Alonso was put into position to win in Singapore by his team-mate's crash
Formula One's governing body has summoned Renault to a hearing to answer charges that they fixed the outcome of the 2008 Singapore Grand Prix.
The French team are accused of plotting with driver Nelson Piquet Jr to crash in the race to deploy the safety car.
The incident aided Piquet's team-mate Fernando Alonso, with the Spaniard going on to claim victory.
If found guilty, the team face severe sanctions which could include expulsion from the current F1 world championship.
"Representatives of ING Renault F1 have been requested to appear before an extraordinary meeting of the FIA World Motor Sport Council in Paris on Monday, 21 September 2009," read a statement on the FIA website.
"The team representatives have been called to answer charges, including a breach of Article 151c of the International Sporting Code, that the team conspired with its driver, Nelson Piquet Jr, to cause a deliberate crash at the 2008 Singapore Grand Prix with the aim of causing the deployment of the safety car to the advantage of its other driver, Fernando Alonso."
Renault said they would not make any comment until after the hearing.
The FIA first started investigating the matter after the initial claim of fixing was made by a Brazilian TV station during the Belgian GP in August.
Alonso won the Singapore GP in 2008 when Piquet crashed two laps after the Spaniard had come in for a routine pit stop.
That meant that when race officials sent out the safety car to clear up the debris from Piquet's car, Alonso was alone among the front-runners in not having to stop for fuel and tyres.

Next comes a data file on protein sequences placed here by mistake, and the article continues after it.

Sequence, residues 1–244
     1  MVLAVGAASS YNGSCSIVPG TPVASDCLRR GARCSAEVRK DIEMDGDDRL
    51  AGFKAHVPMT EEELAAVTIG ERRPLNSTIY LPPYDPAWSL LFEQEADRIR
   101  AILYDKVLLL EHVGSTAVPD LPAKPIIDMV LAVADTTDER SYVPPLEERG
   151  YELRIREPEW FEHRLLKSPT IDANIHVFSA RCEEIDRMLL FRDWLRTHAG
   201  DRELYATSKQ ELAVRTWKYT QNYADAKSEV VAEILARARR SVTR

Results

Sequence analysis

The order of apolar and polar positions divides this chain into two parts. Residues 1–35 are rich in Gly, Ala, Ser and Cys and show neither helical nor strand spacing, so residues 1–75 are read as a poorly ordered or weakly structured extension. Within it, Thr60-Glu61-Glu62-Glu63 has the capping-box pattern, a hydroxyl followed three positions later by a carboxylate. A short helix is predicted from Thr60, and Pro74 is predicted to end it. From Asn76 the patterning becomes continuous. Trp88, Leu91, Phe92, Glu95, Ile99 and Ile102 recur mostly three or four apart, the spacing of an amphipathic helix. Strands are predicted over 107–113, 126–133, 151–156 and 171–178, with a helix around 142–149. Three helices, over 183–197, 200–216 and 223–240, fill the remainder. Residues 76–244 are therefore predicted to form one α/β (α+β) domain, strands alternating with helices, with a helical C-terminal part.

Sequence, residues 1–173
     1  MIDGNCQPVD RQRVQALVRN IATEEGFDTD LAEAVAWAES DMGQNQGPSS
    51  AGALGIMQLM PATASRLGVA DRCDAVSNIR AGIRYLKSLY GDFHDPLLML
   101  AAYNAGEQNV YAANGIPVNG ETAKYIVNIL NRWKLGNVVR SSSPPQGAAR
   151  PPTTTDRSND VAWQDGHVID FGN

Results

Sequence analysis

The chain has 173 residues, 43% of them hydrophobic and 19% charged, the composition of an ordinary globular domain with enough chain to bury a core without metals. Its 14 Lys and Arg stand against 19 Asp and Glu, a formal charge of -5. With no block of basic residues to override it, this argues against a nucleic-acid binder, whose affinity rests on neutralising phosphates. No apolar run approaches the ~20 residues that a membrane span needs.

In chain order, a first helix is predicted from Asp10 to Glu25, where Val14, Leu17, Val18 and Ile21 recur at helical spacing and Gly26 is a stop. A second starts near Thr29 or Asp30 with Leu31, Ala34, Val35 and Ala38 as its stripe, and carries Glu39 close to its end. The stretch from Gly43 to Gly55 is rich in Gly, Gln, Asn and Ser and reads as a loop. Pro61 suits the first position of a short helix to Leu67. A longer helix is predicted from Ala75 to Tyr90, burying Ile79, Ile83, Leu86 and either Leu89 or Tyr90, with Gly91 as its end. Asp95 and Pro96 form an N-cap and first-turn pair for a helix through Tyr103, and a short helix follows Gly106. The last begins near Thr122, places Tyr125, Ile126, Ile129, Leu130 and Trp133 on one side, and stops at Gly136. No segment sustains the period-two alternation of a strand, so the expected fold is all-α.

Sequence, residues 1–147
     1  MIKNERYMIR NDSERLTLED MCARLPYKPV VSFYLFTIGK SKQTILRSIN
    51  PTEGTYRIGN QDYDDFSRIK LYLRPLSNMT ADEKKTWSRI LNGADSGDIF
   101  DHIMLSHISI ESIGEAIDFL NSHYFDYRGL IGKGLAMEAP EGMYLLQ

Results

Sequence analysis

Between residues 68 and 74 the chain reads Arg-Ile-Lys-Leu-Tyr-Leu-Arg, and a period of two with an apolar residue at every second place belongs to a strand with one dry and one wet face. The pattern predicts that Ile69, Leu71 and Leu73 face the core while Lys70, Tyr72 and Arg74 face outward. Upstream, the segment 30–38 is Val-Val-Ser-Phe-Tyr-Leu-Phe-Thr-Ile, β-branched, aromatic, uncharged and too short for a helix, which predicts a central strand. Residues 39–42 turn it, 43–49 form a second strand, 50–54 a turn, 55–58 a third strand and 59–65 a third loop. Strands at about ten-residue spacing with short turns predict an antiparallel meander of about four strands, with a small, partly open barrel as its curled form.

At the time, Piquet attributed the crash to a simple error, but he was dropped by Renault after July's Hungarian Grand Prix and has since been outspoken in his criticism of Renault team boss Flavio Briatore.
F1 boss Bernie Ecclestone said earlier this week that both Renault and Piquet Jr would be in serious trouble if the investigation uncovered any type of race-fixing activity.
He said the negative publicity might lead Renault to pull out of the sport, following the departures of manufacturers Honda and BMW Sauber.
The Brazilian specifically cited unequal treatment between himself and two-time world champion Alonso as the source of his discontent.
Former world champions Renault have already been in the FIA dock this season.
They were banned for one race after a wheel flew off Alonso's car at the Hungarian Grand Prix.
However, the suspension, which would have ruled Alonso out of his home race in Valencia in August, was lifted on appeal.